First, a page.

Rochester, N.Y. (WHAM) - The drive-by shooting that destroyed a window at a Rochester library last week may be linked to a gang that calls itself "Foreign 695."
13 WHAM News first reported last week how the gang which operates out of the Clinton Section of the city is responsible for stealing cars in Penfield, Gates, Henrietta and Gates - then using the vehicles to commit other crimes.
"People are getting hurt and if you think it's just the city you're wrong," Monroe County Deputy Attorney Paul Irving said.
A series of YouTube videos feature gang members with guns and money as they rap about crime, showing they boldly believe they have nothing to hide. One of them has been arrested four times over six months. Another has five arrests in seven months.
They are as young as 13 years old and know how to game the system.
"Police are frustrated and we're frustrated," said Irving, who adjudicates cases involving juvenile offenders in family court.
Rochester Police say a teenager in one of the videos is connected to two stolen cars - one of which was taken in Henrietta and used in a drive-by shooting. Yet he was released by a family court judge each time.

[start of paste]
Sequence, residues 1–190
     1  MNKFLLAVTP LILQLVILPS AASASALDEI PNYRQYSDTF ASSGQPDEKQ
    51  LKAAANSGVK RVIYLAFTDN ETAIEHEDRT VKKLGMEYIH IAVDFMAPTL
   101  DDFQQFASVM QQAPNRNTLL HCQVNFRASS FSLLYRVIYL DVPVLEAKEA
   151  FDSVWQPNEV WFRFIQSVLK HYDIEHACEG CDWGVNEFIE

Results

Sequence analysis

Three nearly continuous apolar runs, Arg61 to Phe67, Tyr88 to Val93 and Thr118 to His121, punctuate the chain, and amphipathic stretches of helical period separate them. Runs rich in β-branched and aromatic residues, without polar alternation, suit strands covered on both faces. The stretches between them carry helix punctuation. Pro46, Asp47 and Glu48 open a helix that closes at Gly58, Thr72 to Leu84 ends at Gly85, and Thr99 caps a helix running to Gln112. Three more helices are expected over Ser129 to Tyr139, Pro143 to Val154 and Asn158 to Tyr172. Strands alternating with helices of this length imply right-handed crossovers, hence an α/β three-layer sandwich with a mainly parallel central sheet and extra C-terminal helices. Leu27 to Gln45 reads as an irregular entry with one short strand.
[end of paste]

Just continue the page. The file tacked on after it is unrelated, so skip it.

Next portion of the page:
Eventually the teen was picked up again - also in a stolen vehicle.
"They keep getting released over our objection," Irving said. "I had one individual charged with a stolen car on a Friday afternoon. He had been released and by Monday was in another stolen car."
Last week, 16-year-old Lorenzo Blake was arrested for stealing a car in Penfield, driving it to the University of Rochester Riverview apartments and robbing a student. The student was also punched in the face. Blake is a member of Foreign 695 and it was clear in court that he already had juvenile cases pending.
"That's why they think they can get away with this," Irving said.
Investigators believe the shooting outside the Phyllis Wheatley Public Library on Ford Street may have been targeting seven people standing outside. No one was injured and there have been no arrests. The vehicle was not recovered, so it's unclear whether it was stolen.
Ray Mayoliz runs Pathways to Peace - an organization with boots on the ground which tries to intervene with street gangs to prevent disputes. He declined to comment on Foreign 695 but said gangs take to social media for a specific reason.
"They're doing videos in front of a school or neighborhood or store - places they hang out," Mayoliz said. "They're telling people, 'If you want to challenge us, come here - this is where we are.' It has complicated things ten-fold."
In one of the videos, the gang member featured in the video turns to expose the back of his t-shirt. There are a list of the names of fellow members who have been sent to juvenile detention. After being involved in a third vehicle theft, he can add his own name. He is being held for one year.
The maximum sentence for a juvenile accused of a felony is 18 months.
"This isn't just kids stealing candy bars or taking a car for a joy ride," Irving said. "These guys are pretty vicious and committing serious crimes."